Beyond, the track swings south-westward, descending towards Te Werahi Beach – a wide sweep of sand and dunes that separates Cape Reinga from Cape Maria van Diemen. Following the shoreline, the route reaches Te Werahi Stream, which can be difficult to cross in flood, but normally presents nothing more than wet feet.
7. Herangi Hill
The track climbs, which can be hard work in the loose sand, to Herangi Hill, a curious mound of wind-sculpted sand and exposed ultramafic rock with fine views over Cape Maria van Diemen.
8. Cape Maria van Diemen
Dutch mariner Abel Tasman named this cape on his visit to Aotearoa in 1642-43. Like many before him and since, the name was a carefully chosen political one; by doing so, Abel Tasman acknowledged the wife of his benefactor, Anthony van Diemen. The cape is reached on a sidetrack from the main Te Paki route, which leads to an attractive rocky shore, with the Motuopao Island and its derelict lighthouse lying just offshore.
9. Twilight/Te Werahi Loop Track
For those with limited time, or those needing an escape route, this track leads back to SH1, passing through the wetlands of the Te Werahi Stream en route.
10. Twilight Beach and campsite
The main Te Paki track bends south, following a high terrace overlooking the bluffs of Maungatiketike Point. Wind-battered coastal plants eke out an uncertain existence in this harsh, often-parched terrain through which the track wends until a descent to Twilight Beach. The campsite lies at the far end of the beach.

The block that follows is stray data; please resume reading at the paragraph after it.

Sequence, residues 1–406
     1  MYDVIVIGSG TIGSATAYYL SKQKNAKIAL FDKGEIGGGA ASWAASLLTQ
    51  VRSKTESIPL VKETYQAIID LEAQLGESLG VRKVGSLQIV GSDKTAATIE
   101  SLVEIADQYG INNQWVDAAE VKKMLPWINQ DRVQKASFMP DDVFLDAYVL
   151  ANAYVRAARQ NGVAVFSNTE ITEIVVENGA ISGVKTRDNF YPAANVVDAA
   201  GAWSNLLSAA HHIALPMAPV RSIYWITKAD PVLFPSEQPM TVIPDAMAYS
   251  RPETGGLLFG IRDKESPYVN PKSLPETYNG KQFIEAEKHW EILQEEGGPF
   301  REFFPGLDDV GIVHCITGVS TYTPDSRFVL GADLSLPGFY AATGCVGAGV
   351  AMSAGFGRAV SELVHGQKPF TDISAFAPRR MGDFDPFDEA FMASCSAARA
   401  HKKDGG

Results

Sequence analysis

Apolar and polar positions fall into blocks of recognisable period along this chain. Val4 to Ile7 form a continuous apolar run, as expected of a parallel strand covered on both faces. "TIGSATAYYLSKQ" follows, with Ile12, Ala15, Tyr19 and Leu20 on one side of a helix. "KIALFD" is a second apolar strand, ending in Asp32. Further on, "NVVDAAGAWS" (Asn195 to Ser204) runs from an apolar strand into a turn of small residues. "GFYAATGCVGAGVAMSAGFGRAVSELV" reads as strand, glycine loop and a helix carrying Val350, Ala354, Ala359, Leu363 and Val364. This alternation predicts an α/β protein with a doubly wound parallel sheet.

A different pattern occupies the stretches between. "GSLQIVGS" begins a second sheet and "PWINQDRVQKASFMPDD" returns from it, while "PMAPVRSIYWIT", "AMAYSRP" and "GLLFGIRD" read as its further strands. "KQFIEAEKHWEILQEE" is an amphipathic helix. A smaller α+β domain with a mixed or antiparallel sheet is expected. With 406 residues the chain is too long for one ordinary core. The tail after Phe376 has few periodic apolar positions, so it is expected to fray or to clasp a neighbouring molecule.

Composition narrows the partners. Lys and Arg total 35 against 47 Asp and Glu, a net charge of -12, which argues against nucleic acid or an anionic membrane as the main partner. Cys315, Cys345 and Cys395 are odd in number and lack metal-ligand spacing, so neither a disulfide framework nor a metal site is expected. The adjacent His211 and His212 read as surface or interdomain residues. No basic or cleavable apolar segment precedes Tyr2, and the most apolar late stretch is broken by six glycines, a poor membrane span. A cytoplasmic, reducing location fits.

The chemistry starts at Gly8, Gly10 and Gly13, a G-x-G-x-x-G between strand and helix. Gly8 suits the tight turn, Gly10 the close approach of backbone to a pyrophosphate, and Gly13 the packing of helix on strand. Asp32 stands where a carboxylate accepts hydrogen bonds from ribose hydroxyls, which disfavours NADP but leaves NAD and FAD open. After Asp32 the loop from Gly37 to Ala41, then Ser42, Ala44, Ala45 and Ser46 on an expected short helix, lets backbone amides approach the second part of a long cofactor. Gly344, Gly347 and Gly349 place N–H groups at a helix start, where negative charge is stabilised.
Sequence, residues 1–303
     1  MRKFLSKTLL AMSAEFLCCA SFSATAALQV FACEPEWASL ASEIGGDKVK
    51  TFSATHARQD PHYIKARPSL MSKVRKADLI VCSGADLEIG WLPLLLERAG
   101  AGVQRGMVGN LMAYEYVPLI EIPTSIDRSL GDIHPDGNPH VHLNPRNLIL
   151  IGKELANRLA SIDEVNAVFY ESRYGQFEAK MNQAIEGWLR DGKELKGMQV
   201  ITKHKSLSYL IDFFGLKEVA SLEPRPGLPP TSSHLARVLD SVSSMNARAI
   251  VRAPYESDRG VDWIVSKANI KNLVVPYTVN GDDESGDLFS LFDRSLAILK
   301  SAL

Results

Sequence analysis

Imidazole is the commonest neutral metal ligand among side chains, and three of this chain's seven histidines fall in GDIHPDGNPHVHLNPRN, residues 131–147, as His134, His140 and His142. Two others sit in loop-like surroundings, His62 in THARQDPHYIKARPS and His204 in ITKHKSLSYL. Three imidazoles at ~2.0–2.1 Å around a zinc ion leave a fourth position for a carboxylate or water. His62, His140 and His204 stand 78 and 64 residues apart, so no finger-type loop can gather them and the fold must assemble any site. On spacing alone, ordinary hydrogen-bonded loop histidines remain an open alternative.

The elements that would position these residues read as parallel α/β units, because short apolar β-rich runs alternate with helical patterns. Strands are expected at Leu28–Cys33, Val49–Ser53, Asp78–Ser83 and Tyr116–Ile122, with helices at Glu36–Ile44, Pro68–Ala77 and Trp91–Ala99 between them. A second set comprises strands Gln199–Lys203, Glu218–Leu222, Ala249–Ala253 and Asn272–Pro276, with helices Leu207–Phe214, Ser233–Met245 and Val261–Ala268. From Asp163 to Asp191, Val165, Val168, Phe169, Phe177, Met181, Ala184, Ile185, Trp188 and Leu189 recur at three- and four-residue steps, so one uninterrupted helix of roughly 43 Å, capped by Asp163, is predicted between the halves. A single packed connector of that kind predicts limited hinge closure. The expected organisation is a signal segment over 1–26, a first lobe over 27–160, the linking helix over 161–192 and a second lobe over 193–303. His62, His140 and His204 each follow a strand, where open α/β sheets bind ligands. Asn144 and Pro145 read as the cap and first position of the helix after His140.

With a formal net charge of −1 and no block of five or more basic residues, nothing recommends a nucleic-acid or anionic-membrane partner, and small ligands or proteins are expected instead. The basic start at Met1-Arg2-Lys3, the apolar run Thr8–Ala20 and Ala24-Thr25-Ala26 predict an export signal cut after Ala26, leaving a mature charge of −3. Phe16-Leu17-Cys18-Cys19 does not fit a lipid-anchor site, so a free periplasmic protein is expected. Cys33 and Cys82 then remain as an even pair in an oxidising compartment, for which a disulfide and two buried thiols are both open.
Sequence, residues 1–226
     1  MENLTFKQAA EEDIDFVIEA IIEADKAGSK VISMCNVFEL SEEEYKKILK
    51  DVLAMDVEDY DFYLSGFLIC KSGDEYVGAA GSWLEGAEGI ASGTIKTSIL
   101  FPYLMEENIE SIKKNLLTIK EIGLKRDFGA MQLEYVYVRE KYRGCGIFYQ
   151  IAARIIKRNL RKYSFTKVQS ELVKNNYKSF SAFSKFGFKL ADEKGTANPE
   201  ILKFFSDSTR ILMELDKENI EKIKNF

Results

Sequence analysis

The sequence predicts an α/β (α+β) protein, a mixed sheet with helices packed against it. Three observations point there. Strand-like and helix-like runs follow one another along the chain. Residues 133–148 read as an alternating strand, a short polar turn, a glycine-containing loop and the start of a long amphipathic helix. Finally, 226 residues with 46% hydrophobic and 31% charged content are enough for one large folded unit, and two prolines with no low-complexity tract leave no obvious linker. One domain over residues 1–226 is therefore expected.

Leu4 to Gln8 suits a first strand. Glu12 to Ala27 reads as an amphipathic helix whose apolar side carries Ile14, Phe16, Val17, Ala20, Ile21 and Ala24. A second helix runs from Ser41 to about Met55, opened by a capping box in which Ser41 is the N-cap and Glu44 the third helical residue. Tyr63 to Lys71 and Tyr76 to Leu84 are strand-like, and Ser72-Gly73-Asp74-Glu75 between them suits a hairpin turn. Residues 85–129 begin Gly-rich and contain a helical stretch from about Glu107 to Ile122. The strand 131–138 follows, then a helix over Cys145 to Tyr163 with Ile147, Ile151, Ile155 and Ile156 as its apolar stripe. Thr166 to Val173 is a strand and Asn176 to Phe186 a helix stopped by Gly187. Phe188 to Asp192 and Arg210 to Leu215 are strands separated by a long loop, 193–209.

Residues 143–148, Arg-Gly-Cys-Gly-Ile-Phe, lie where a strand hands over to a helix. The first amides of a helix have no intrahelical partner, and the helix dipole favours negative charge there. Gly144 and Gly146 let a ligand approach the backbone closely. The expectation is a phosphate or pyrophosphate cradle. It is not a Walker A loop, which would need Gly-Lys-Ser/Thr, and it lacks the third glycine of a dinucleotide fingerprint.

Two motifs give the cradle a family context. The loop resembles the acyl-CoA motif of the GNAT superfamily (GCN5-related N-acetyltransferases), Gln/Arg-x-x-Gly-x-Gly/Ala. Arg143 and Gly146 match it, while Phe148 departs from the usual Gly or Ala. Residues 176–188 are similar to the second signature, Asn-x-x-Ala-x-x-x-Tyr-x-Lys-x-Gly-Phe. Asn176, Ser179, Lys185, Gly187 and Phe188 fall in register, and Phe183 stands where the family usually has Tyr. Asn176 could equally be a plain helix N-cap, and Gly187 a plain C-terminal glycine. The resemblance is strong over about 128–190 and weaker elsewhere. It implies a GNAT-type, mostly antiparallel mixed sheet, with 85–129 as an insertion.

11. Tiriparepa/Scott Point
From Twilight Beach campsite, the track climbs up over yet another headland, known as Tiriparepa or Scott Point. It separates Twilight Beach from its more famous and vastly longer Ninety Mile Beach/Te Oneroa-a-Tōhē. On a good day, views of the wide stretch of sand recede into the haze-softened distance, with the relentless breakers of the Tasman Sea foaming in.
12. Te Oneroa-a-Tōhē/Ninety Mile Beach
Low tide is certainly the best time to walk this section of the trail, when you can pick the firmest sand – usually that recently exposed by the retreating tide. Be warned, however, that walking on sand can be unexpectedly hard. The endless pounding on the unchanging surface can cause blisters, bruised feet, or both. Nevertheless, there’s a pleasing simplicity to this sort of strolling, breathing in the salty air without having to watch your feet.
13. Te Paki Stream and sand dunes
While Te Araroa hikers have the entire length of the beach to walk, those walking the Te Paki section turn inland after only 5km or so, where Te Paki Stream disgorges onto the shore. The route heads inland, following the stream, into what is possibly the highlight of the entire track – these extensive dunes. It’s well worth allowing enough time to wander in this landscape of sand mountains, which can easily swallow people, almost literally. Wind-rippled dunes, with writhing, serpent-like spines; steep sandy faces, exposed rocks and the sheer vastness of the dune system make this a place to marvel at the artistry of nature.
The track ends on the edge of the dunes, at Te Paki Stream Road car park.
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- Total Ascent
- Spirits Bay to Pandora Campsite, 3hr; Pandora to Tapotupotu Bay campsite, 5.5hr; Tapotupotu to Cape Reinga, 2-2.5hr; To Herangi Hill, 2hr; Sidetrack to Cape Maria van Diemen, 90min return; To Twilight Beach campsite, 1.5hr; To Te Paki Stream Road via Te Paki Stream, 4-5hr
- Campsites at Pandora, Tapotupotu Bay and Twilight Beach
- From Spirits Bay Road end, 1hr45min drive from Kaitaia. A car shuttle is required or local operators can arrange pick-up/drop-off